Saturday, January 31, 2009


About this time last weekend, I took a long hard look at my email account from the University of Someplace Else and decided that it was time I created an electronic archive of the various emails there, so I'd have my own record, just in case. I made it to about the 2007 emails before calling it quits, largely because of my own discomfort in learning that the archive was at this point 260 pages long and I had gone through less than a third of the total body of emails. I'll do the rest later, I told myself.

But I didn't know... just how little... time I had left.

This morning, I found out that some time between yesterday and now, the University had deleted my account. Which was fair enough--I mean, I haven't been a student there for five months now. But I wish they had the simple courtesy to have given me some sort of warning about it. I had to send out a half dozen "change your address book emails," which was annoying. (These were mostly people I had needed to contact between the transition from Someplace Else to Blank, which meant I didn't have my Blank email address yet when I contacted them. I really should have told them to go over to the new one, but there didn't seem to be any pressing need. Until now, when there was nothing but press.) And I'm sure I missed someone important, but I guess there's no way of knowing.

What really bugs me though is that the reason I started the archiving project to begin was because I wanted to preserve those emails, as a record of who I was. And all that information is gone into the internet ether. I saved a lot of it, I guess, but if I had just known what was coming, I could have kept it all. Sigh.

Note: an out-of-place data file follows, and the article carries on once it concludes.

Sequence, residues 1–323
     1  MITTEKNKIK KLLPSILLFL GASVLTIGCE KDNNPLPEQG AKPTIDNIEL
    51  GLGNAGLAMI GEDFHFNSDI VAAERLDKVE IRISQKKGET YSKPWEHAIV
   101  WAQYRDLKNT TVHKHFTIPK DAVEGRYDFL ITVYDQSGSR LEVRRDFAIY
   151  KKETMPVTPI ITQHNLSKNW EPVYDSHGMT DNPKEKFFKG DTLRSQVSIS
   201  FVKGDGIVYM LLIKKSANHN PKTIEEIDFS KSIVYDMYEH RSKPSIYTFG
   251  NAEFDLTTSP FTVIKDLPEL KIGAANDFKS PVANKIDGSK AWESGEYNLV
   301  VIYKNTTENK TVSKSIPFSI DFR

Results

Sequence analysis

I guess there's two lessons here. First, a "carpe diem" sort of thing: don't put off archiving until tomorrow what you want to archive today. Second: in my digital media course last term, one of the motifs that kept coming in the scholarly papers was that people are unaware that the records they leave on the internet persist. Well, this case shows that the opposite is true as well--things you think are set in stone can disappear just as quickly. The whole incident has shown to me just how fragile my online records are. Facebook pictures, other email addresses, even this blog-- I don't "own" any of that, and it could disappear overnight and there'd be nothing I could do.
And given the ominous rumblings my computer's been making, even making stored copies may not be sufficient. Back it up, boys and girls, 'cause those eggs shoudn't be in one basket.

And for the record, yes, I do understand that I was naive to believe these emails would always be there in the first place. Still, nothing irretrievable was lost (so far as I know, knock on electrodes), and an Important Lesson was learned.

Later Days.

*UPDATE* As my brother pointed out, I should really mention that after I tried again an hour or so later, the email address was working again. But I maintain that *overall* point re: the tenuous nature of electronically stored information still stands.

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